Collective to gather views of 1950s-born women affected by state pension changes

Campaign Collective has been working with the All Party Parliamentary Group on State Pension Inequality for Women (APPG) to launch a consultation aimed at addressing the concerns raised by groups representing 1950s-born women affected by state pension changes.

Many 1950s-born women are worried and suffering financial hardship because of accelerated changes to their State Pension Age, with some forced back to work in their sixties.

The Pensions Act 1995 included plans to increase the State Pension Age for women to 65, in line with men, over a ten-year period, from April 2010 to 2020; but in 2011, the Government speeded up that process.

This meant some women saw their pension age increase from 60 to 66 years in a very short space of time. Many women received either no notification of the change or very late notification, leaving them little time to put alternative plans in place.

The APPG on State Pension Inequality for Women was set up to support the women and raise the profile of the impact these changes have had on them.

The APPG will use the findings of the consultation to inform the Pensions (Review of Women’s Arrangements) Bill.

This Bill will require the Government to establish a formal review of pension arrangements for women affected by changes made by the Pensions Act 1995 and the Pensions Act 2011. It is scheduled for debate on 27th April 2018.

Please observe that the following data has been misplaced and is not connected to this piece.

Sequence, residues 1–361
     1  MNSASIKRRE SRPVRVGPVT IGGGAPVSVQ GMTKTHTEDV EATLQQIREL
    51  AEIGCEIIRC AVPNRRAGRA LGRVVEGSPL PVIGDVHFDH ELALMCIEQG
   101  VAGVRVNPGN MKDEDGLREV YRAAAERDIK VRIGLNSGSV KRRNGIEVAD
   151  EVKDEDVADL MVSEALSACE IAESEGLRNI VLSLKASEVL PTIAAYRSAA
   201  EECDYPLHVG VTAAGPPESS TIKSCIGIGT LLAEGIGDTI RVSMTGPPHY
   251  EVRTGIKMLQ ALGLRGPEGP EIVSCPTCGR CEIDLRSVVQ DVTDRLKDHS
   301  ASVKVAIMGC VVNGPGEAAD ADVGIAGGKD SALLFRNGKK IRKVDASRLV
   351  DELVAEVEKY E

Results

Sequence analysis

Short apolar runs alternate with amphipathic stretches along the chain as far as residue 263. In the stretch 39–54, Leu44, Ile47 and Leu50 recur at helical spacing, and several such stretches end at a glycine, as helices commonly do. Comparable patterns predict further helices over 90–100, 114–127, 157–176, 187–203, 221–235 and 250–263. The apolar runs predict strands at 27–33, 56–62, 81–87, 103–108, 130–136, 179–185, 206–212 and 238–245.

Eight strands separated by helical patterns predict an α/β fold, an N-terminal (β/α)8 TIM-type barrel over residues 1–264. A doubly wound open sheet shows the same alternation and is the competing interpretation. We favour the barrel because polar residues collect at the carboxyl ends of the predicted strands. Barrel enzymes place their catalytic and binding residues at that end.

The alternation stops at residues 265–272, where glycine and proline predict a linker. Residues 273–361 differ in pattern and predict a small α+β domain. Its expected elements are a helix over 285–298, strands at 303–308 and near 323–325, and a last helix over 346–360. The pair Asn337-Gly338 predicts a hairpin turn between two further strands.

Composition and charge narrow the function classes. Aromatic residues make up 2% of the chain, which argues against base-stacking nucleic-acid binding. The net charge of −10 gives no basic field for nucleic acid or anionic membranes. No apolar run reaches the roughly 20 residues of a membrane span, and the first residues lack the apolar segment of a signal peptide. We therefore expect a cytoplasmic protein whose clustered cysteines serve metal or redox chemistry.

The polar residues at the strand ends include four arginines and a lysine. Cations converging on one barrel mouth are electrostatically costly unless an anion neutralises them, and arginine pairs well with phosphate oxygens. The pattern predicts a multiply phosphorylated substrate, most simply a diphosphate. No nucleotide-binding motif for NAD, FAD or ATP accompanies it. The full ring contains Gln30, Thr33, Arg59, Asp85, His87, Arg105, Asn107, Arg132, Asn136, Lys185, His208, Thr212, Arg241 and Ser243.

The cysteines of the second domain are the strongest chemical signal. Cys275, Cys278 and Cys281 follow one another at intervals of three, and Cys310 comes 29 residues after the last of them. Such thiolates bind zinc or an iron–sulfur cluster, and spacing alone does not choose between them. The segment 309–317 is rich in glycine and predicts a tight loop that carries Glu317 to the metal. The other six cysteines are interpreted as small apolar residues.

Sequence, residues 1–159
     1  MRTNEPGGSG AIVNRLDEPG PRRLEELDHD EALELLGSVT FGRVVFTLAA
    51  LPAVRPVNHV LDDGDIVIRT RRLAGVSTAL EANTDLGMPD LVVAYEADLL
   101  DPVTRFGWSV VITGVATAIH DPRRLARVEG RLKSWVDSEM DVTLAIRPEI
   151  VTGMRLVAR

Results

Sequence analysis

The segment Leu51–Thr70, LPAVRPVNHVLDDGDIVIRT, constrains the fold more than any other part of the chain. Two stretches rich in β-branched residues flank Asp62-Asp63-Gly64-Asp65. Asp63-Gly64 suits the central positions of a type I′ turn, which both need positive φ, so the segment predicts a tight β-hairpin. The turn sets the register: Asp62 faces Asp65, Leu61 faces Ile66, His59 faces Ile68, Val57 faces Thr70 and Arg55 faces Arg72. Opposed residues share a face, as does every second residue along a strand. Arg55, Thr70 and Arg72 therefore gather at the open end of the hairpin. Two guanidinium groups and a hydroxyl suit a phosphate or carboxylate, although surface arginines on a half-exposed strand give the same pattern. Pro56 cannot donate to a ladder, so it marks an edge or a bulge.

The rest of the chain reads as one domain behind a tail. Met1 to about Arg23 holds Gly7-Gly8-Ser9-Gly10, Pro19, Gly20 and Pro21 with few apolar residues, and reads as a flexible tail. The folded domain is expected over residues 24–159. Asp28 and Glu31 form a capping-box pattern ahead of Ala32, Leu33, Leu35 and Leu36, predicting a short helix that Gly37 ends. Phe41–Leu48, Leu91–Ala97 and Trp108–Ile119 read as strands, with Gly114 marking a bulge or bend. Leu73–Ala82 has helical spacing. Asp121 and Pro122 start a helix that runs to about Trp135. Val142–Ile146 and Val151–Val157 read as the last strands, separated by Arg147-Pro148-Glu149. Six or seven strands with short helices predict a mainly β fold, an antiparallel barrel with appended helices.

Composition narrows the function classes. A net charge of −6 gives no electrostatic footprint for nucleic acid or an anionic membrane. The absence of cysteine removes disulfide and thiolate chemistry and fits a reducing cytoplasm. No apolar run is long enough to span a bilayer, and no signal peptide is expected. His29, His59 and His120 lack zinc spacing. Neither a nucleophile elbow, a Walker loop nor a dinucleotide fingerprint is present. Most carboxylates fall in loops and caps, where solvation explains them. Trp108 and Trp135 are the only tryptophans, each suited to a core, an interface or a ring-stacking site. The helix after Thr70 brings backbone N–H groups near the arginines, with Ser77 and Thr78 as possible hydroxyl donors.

Carolyn Harris MP, Co-Chair of the APPG on State Pension Inequality for Women, said:

The APPG are committed to finding a solution that works for all 1950s women.  It is our hope that every eligible group will respond to this consultation, in order to provide us with defined requirements that we can use to influence policy

Nancy Platts, from Campaign Collective, commented:

We are pleased to be working with the APPG to raise the voices of 1950’s-born women by undertaking this consultation on their behalf. Campaign Collective has a strong track record of engaging stakeholders and involving them in the process of finding solutions that will address their concerns. We will be doing everything we can to ensure the different representative groups feed in their views.

How to get involved:

  1. The password protected survey can be accessed here:
  2. You will need a password to access the consultation. This can be obtained by emailing us at
  3. The consultation closes at 5pm on Friday 22 December

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